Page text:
Fowl Irish Cream of Mushroom Stew

Rendered duck fat is nothing less than liquid gold. The value lies in its utility, as it serves as a healthier substitute for most oils and margarine, lard and even butter in some situations. Bakers will even substitute rendered waterfowl fat for shortening.
One way to improve your stews: make a duck fat roux. A roux (a combination of flour and any of the following: heated butter, canola oil, hot animal fat) involves cooking flour, while being careful not to burn the roux, in order to create a powerful thickening agent for soups, stews or gumbos. It requires time and patience and a vigilant cook willing to stand over the stovetop and whisk that mess every few minutes.

     There are two options regarding how to finish off this stew. Most recently, I added it to a 9-by-13-inch baking dish for a casserole known as Hotdish (a Minnesota staple, mix of proteins, vegetables and starches), therefore I preferred a gooey mix and never added milk. Should you wish to enjoy this stew as simply stew in a bowl, I advise you add the milk (two cups) to thin out the contents; otherwise your spoon might get a case of the cement shoes.    

   
Fowl Irish Cream of Mushroom Stew
Makes six to eight servings.
Roux: 1/3 cup heated duck fat, 2/3 cup flour
1-1/2 cups shallots, julienne
8 ounces baby Portobello mushrooms, sliced
2 Tablespoons freshly minced garlic
2 Tablespoons butter
1/2 Irish porter beer
3 cups hot chicken stock
1 pint heavy whipping cream
2 cups milk
5-6 ounces grated or shredded Kerrygold Dubliner cheese
2 teaspoons each of salt and black pepper
To start: In large skillet heated on medium-low, add butter, shallots, and garlic, lightly salt and pepper, and sauté until shallots are soft. Add mushrooms. When shallots have very slight brown color, add porter beer and let simmer for 5 minutes. Set aside until roux is complete.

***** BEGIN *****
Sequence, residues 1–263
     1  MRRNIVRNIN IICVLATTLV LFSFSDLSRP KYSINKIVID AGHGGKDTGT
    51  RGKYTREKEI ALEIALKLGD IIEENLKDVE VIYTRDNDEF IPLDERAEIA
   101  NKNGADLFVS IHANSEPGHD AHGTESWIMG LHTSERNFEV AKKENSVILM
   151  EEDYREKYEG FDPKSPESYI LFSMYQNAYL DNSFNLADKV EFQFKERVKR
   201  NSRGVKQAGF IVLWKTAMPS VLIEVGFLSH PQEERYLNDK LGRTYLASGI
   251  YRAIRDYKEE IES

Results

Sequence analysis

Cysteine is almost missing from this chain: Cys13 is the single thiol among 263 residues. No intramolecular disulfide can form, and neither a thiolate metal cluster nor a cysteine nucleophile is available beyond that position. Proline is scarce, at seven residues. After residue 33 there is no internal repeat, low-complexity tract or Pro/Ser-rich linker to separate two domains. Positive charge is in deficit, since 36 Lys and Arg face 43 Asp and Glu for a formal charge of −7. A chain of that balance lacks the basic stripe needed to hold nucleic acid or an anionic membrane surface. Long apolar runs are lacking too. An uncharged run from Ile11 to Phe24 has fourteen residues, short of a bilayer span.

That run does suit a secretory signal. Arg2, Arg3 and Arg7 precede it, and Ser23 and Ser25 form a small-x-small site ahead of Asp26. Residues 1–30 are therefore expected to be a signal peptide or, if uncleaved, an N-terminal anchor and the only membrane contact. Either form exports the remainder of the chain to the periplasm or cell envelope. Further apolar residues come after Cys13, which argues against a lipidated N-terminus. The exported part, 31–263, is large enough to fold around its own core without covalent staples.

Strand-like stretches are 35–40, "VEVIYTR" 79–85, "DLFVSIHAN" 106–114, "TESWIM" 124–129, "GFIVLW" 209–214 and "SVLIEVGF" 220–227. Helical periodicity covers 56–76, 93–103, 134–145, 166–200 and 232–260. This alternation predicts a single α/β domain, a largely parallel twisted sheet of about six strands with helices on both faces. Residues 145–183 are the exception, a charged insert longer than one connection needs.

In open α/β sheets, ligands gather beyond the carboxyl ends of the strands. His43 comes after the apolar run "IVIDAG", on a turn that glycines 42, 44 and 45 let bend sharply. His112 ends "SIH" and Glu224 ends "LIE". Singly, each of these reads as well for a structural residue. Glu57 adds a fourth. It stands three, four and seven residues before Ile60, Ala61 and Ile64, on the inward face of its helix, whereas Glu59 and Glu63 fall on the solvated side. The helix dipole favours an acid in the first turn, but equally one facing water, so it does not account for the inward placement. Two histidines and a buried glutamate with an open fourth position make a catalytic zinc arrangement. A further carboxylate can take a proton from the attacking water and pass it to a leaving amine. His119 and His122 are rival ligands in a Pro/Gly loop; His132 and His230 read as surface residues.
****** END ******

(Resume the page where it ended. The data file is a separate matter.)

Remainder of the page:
To make roux: While sautéing shallots and mushrooms, heat 1/3 cup duck fat on medium-low in large pot until it is liquid form and hot. Add 2/3 cup flour. Simultaneously, heat 3 cups of chicken stock until it simmers. Stir roux often to avoid burning. After approximately 10 minutes, roux should be hot (not necessary thick liquid form). Add hot chicken stock and whisk thoroughly.  
To finish stew: Once roux mix is thick and hot (there may be some bits of roux floating, that is okay), add cream and milk and shallot-mushroom mix, plus S&P. Stir thoroughly, keep on low for half hour, add cheese. Heat on low for another half hour (minimum). Serve and enjoy!
Remember: Should you wish to add this stew to a casserole or hotdish, do not add milk. Additionally, for my most recent Dubliner Mallard Hotdish recipe, I did not add full contents of stew (probably a little over 2 cups remained in pot after mixing stew with vegetables and proteins).
Hank Shaw offers an excellent video on the easiest way to render waterfowl fat (spoiler alert, it involves duck butts):

Additionally, should you ever find yourself searing duck breasts in a skillet, make certain to save the oil that accumulates in the pan (as it is nothing other than liquid gold duck fat). Can it. Put it in the fridge. (For a solid recipe on Seared Duck Breasts with a Lemon Ginger Glaze, check out my story with the Pioneer Press’s Outdoors section: http://www.twincities.com/sports/ci_28878247/duck-hunting-dish-worth-effort